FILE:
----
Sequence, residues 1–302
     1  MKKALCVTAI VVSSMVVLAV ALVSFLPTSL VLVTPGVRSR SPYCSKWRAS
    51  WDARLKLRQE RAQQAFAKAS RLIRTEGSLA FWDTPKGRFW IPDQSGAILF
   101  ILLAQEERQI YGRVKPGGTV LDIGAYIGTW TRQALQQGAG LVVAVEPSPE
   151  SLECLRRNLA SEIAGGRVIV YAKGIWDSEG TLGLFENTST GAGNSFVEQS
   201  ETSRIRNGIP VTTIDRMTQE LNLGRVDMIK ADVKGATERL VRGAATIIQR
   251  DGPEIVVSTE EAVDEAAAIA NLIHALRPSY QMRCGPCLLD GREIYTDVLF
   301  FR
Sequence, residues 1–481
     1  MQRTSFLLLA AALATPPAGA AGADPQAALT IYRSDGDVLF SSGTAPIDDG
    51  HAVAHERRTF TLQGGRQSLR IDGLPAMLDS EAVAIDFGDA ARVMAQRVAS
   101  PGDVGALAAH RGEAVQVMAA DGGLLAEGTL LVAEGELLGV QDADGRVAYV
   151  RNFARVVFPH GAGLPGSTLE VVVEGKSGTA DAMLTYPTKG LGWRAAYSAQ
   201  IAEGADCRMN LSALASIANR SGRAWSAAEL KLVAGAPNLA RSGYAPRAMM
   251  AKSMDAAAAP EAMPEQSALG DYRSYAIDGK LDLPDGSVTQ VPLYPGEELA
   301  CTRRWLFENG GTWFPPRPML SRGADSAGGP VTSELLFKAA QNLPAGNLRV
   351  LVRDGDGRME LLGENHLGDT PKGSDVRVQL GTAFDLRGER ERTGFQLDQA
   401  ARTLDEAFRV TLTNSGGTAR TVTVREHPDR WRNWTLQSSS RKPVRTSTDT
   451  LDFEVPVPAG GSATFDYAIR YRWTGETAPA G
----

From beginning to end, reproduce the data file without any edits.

Sequence, residues 1–302
     1  MKKALCVTAI VVSSMVVLAV ALVSFLPTSL VLVTPGVRSR SPYCSKWRAS
    51  WDARLKLRQE RAQQAFAKAS RLIRTEGSLA FWDTPKGRFW IPDQSGAILF
   101  ILLAQEERQI YGRVKPGGTV LDIGAYIGTW TRQALQQGAG LVVAVEPSPE
   151  SLECLRRNLA SEIAGGRVIV YAKGIWDSEG TLGLFENTST GAGNSFVEQS
   201  ETSRIRNGIP VTTIDRMTQE LNLGRVDMIK ADVKGATERL VRGAATIIQR
   251  DGPEIVVSTE EAVDEAAAIA NLIHALRPSY QMRCGPCLLD GREIYTDVLF
   301  FR
Sequence, residues 1–481
     1  MQRTSFLLLA AALATPPAGA AGADPQAALT IYRSDGDVLF SSGTAPIDDG
    51  HAVAHERRTF TLQGGRQSLR IDGLPAMLDS EAVAIDFGDA ARVMAQRVAS
   101  PGDVGALAAH RGEAVQVMAA DGGLLAEGTL LVAEGELLGV QDADGRVAYV
   151  RNFARVVFPH GAGLPGSTLE VVVEGKSGTA DAMLTYPTKG LGWRAAYSAQ
   201  IAEGADCRMN LSALASIANR SGRAWSAAEL KLVAGAPNLA RSGYAPRAMM
   251  AKSMDAAAAP EAMPEQSALG DYRSYAIDGK LDLPDGSVTQ VPLYPGEELA
   301  CTRRWLFENG GTWFPPRPML SRGADSAGGP VTSELLFKAA QNLPAGNLRV
   351  LVRDGDGRME LLGENHLGDT PKGSDVRVQL GTAFDLRGER ERTGFQLDQA
   401  ARTLDEAFRV TLTNSGGTAR TVTVREHPDR WRNWTLQSSS RKPVRTSTDT
   451  LDFEVPVPAG GSATFDYAIR YRWTGETAPA G